By Laurel Borrowman, Life & Style Editor
Back in April, I got jazzed for the end of the school semester—so was everyone else—mainly because all the hours normally reserved for school were free to spend to all things un-school. Mixing the slew of extra hours with the possibility of spending said hours happily outside, I imparted some knowledge about one of the best parts about living in the Lower Mainland: hiking.
Rugged geography and beautiful scenery; fresh air, clean water, and good vibes. The Lower Mainland has it all, and if you glazed over my last written kick-in-the-pants like an 8 a.m. lecture, here’s another encouraging dose of outdoor advice for the summer.
Hopefully you’ve worked out some of the kinks in your body now that your world doesn’t revolve around textbooks, lectures, and studying. Whether you’ve gotten any physical activity now that you have more time for it is another issue. Maybe exercise isn’t your thing, but with a plethora of paths to adventure on, exercise doesn’t even have to be the name of the game. Hiking is just plain fun; the fact that it’s good for you, is a bonus.
It can be difficult and sometimes intimidating to know where to start. Last time, we discussed Lynn Canyon, Buntzen Lake, and Elfin Lakes, all of which had varying degrees of time commitment and difficulty.
There are dozens of trails for every skill level. Here are three more to lead you into July.
Location: Sasamat Lake in Belcarra Park (Tri-Cities area)
Length: 8 km / ~ 3 hours
Terrain: Like a walk in the park
Scenery: A spa for your eyeballs. Lush green trees, a quiet lake, and a soft, welcoming path to guide your way.
This is one of the most city-dwelller-friendly hikes in the area, and especially accessible to those of you who are nervous about your first foray into the wilderness. Not only is the trail welcoming as heck to your inexperienced legs, it’s also welcoming to your dogs (and kids, if they factor in). You can get there by bus, and you can walk for as long or short a distance as you like. While eight kilometres may seem like a lot, the Sasamat Lake trail is mostly flat, so three hours is probably a healthy estimate, even for the beginner.
Stawamus Chief (The Chief)
Length: Depending on your route 5 – 11 km / 3 – 6 hours
Scenery: Raging waterfall? Check. A 360 view of Howe Sound and Garibaldi Park? Check. Try not to suffocate from how breathtaking it is.
If you’ve ever driven through Squamish then you’ve seen The Chief. It’s that massive ominous rock face that looms over the highway. It’s apparently the second-largest granite monolith in the world. There are only so many times one could linger in its presence before attempting to summit it.
And now, you can too! With ropes, ladders, and well-maintained paths, The Chief is indeed a challenge, but it’s not impossible, and the payoff is huge. There are two routes you can take, each doable in a day. The shorter South Peak route rewards most of the elevation gain with a shorter round-trip. About 3.5 km from bottom to top and back, the South Peak can be conquered reasonably in a few hours.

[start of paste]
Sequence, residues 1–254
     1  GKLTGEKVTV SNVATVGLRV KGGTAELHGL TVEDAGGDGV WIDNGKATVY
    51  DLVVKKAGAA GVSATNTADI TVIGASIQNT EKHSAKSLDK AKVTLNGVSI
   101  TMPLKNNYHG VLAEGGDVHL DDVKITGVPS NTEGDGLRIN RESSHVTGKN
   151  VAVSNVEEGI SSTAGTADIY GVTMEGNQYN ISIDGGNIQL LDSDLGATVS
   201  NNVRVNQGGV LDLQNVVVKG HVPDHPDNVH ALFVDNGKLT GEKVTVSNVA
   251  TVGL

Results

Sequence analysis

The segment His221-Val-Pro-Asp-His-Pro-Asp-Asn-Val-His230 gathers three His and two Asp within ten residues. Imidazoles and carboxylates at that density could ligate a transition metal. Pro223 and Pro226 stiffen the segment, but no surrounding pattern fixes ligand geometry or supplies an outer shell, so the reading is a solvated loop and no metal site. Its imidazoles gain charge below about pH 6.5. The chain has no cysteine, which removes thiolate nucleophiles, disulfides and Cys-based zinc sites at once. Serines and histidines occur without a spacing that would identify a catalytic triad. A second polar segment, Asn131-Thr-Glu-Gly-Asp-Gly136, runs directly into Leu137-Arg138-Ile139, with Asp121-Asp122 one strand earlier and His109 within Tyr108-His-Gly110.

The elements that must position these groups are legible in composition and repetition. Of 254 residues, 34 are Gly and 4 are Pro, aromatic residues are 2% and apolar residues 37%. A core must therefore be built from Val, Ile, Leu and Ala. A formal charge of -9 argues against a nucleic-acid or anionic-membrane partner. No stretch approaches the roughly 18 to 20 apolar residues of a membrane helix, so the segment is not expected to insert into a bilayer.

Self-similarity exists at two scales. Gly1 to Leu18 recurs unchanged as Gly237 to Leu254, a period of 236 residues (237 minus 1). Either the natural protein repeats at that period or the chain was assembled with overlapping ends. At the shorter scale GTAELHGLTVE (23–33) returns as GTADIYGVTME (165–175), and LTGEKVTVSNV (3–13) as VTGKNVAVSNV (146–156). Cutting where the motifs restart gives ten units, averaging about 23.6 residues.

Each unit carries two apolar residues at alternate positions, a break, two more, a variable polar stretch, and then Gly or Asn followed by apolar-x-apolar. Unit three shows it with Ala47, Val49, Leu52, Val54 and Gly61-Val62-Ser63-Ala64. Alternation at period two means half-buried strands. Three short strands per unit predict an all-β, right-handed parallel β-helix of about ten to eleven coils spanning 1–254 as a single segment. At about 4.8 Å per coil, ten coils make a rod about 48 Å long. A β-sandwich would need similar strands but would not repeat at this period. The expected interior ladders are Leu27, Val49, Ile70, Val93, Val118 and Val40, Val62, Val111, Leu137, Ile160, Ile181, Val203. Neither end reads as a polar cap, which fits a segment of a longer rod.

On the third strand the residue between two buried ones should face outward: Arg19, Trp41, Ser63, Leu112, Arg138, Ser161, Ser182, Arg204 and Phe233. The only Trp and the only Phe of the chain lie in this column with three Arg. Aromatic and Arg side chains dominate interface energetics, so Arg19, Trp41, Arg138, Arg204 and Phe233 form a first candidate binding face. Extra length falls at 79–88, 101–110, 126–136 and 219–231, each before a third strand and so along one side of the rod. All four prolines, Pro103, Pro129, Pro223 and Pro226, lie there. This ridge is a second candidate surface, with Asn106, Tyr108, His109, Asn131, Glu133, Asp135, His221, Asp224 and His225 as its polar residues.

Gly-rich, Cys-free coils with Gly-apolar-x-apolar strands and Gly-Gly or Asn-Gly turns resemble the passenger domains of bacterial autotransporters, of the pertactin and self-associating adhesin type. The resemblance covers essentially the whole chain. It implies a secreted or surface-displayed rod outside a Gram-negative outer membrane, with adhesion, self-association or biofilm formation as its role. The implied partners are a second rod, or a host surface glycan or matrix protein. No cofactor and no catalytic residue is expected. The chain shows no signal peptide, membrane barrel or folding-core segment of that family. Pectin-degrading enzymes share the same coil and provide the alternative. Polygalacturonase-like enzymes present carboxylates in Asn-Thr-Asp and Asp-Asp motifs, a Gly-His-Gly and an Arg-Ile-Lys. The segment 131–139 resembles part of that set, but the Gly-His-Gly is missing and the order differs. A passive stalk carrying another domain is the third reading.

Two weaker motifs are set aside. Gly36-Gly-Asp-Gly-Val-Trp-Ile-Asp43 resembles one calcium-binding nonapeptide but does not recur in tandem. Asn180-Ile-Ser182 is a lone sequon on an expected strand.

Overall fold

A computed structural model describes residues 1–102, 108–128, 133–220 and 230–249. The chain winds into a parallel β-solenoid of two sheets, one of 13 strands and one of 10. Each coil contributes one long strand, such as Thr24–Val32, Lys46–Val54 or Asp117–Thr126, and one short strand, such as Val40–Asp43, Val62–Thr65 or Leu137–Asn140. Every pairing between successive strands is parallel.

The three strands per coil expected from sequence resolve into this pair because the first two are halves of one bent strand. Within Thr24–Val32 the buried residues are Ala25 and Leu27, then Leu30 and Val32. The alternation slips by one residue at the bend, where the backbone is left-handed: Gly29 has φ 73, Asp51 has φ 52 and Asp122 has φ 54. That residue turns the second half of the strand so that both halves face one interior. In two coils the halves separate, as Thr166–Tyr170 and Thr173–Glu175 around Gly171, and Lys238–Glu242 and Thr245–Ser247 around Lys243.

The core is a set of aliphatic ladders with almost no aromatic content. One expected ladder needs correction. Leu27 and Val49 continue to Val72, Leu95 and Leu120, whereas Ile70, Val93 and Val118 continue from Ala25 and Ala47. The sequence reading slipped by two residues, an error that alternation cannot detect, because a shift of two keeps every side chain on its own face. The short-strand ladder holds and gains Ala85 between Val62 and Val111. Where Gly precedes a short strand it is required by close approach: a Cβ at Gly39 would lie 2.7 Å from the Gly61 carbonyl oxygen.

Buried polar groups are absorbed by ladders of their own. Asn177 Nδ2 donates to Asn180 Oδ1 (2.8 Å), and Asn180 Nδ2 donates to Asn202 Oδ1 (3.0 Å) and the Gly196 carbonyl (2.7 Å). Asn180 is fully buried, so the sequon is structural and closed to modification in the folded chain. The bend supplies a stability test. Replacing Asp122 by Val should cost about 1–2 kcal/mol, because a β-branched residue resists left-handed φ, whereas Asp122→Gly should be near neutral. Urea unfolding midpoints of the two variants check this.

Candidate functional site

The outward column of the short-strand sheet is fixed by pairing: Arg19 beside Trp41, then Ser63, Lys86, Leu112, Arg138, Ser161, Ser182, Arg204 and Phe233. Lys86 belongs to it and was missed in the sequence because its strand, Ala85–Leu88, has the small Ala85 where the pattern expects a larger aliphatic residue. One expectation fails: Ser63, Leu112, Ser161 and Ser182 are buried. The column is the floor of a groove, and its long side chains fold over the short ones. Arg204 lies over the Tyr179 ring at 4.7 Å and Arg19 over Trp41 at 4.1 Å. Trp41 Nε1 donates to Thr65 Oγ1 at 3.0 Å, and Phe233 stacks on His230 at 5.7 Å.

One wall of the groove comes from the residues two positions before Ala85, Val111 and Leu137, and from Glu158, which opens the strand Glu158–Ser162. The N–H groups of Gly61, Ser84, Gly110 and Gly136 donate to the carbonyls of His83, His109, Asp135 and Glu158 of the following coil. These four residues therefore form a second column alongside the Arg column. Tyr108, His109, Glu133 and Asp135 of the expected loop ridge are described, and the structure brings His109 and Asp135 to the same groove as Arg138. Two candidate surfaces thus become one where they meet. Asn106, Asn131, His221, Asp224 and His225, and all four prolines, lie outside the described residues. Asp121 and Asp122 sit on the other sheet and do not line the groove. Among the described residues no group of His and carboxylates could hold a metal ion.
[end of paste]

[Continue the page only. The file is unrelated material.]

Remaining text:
The longer route will take you to three separate peaks. The distance is about double, but you’ve done the tough part by reaching the South Peak. Hike one, hike two, or hike all three peaks.
Plus, next time you’re driving to Whistler, you can be that guy in the car: “Yeah. I’ve hiked up that. So what?”
Location: North Shore, a bit west of West Van
Length: 6 km max / 2 hours
Scenery: From the shrouded cathedral-esque old growth forest to the crashing waves on the rugged point, this “hike” is all about the views.
Unless you plan to cycle to Lighthouse Park (which I highly recommend), consider this excursion a leisure activity, and not exercise. Regardless, being in this neck of the woods is good for your mind and reconnecting with nature. It’s removed from the city, but close enough that if you drive, you can probably roundtrip it in a half day (it’s accessible by transit, too).
Lighthouse Park is stunning. The path that weaves along the forest floor is a thick carpet of dirt and moss, and the giant Douglas Fir and Western Red Cedar trees tower overhead like giants. When you break through the forest onto the exposed point where the lighthouse stands, the view extends from Point Grey, to Burrard Inlet and the Lions Gate Bridge, to downtown Vancouver, to the Gulf Islands, and on a clear day, even to Vancouver Island.
The terrain is relatively simple, but there are some rocky faces to scale to the beach if you want to add some variety and challenge.